SharePoint item-level permissions affect the management of lists, folders and documents and the viewing of items and application pages. These permissions can be grouped together to create permission levels, which can be assigned to users and groups directly. These permissions consist of three groups:
- List Permissions — Permissions for managing Items and alerts
- Site Permissions — Permissions for managing subsites
- Personal Permissions — Permissions for managing personal views, profiles and personal web parts
Managing SharePoint Item-Level Permissions
You can define which item permissions are available for a site by using the “User Permissions” menu in the Web Application settings. Don’t be confused because the name of the menu is similar to “User Policy; it is a different thing.
To remove item-level permissions from a site, click on the “User Permissions” menu and uncheck the permissions you don’t want to be available on the site. Then click the “Save” button to apply your changes.
Managing Permissions Levels
To manage the permission levels for a site, navigate to “Site Permissions” in the site settings and click the “Permission Levels” button. Here are the default permission levels:
- Full Control — Full control on the site
- Design — View, add, update, delete, approve and customize
- Edit — Add, edit and delete lists; view, add, update and delete list items and documents
- Contribute — View, add, update, and delete list items and documents
- Read — View pages and list items and download documents
- Limited Access — View specific lists, document libraries, list items, folders, or documents when given permissions
To create a custom permission level, click the “Add a Permission Level” button, specify a name and description, and select a combination of item-level permissions appropriate for this custom permission level. You can use the “Select All” check box to select or clear all permissions. When you click the “Create” button, your new permission level will be added to the list and you can assign it to any group on the site.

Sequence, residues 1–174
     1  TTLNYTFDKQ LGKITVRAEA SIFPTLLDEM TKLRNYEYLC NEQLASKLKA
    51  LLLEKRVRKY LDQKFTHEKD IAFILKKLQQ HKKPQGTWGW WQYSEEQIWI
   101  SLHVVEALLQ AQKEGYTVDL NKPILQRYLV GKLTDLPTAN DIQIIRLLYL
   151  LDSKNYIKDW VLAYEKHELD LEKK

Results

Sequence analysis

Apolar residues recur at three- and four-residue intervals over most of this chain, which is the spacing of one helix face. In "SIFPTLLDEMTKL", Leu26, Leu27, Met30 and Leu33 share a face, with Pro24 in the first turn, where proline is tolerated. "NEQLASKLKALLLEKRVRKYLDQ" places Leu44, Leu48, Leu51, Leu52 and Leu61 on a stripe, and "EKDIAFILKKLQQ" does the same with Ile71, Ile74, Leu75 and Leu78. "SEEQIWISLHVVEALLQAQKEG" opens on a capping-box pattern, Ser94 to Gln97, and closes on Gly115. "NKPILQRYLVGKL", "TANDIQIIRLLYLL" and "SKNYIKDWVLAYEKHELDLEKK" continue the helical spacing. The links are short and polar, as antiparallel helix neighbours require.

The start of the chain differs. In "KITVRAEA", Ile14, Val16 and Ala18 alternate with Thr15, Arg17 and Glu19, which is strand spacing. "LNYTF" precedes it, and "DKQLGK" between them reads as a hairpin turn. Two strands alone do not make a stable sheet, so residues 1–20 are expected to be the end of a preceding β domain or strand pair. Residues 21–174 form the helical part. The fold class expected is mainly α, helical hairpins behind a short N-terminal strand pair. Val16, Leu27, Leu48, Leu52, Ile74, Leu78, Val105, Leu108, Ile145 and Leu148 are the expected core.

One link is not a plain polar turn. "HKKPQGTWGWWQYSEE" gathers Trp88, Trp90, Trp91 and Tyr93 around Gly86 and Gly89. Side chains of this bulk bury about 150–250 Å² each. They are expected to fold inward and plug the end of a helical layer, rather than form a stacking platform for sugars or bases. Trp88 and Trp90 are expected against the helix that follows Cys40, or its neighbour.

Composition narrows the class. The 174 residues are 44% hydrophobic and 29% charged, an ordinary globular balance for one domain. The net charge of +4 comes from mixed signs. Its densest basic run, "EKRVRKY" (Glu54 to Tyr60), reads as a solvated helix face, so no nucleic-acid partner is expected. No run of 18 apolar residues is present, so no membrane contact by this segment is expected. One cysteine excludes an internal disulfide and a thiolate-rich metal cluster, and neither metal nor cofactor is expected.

To delete a permission level, simply select it and click the “Delete Selected Permission Levels” button. You can delete any custom permission level and any default permission level except Full Control and Limited Access.
In addition to using Permission Levels, you can also define Site Collection Administrators, who have full control permissions on the site by default. To do this, simply click the “Site Collection Administrators” button on the “Site Permissions” menu, choose the accounts that should be able to manage the site, and click “OK”.
Assigning Permissions Directly
Most permissions to objects are obtained from the permissions assigned to SharePoint and Active Directory groups. However, you can also assign permissions to the items stored on a SharePoint site directly, by taking the following steps:
- Click on the item and then click the “Shared With” button on the “Files” tab. Click “Advanced” to see what permissions these users or groups have to the item.
You will see the list of users who have access to the item:
- Break inheritance for the item by clicking the “Stop inheriting permissions” button.
- Click the “Grant Permissions” button and enter the name of the user or group you want to grant permissions to.
- Click “Show Options” and select the permission level you want to grant to the user or group.
- Click “Share” and the group or user will be added to the list and your document will have the specified unique
To remove permissions from a user or a group, select the user or group and click the “Remove User Permissions” button. To edit the permissions of a user or a group, simply select the user or group, click the “Edit User Permissions” button, select the new permissions, and click “OK”.
Note that assigning unique permission to SharePoint items is not recommended by best practices because it breaks permission inheritance. If you want to remove all unique permissions from a document, click the “Delete Unique Permissions” button.
These are all the ways you can manage SharePoint item-level permissions via the SharePoint Central Administration console. You can also manage these permissions using Microsoft PowerShell; that’s a topic for another article, but here is a list of the most useful PowerShell commands for SharePoint. Don’t forget to track and document every change made to permissions in SharePoint to help keep it secure and compliant.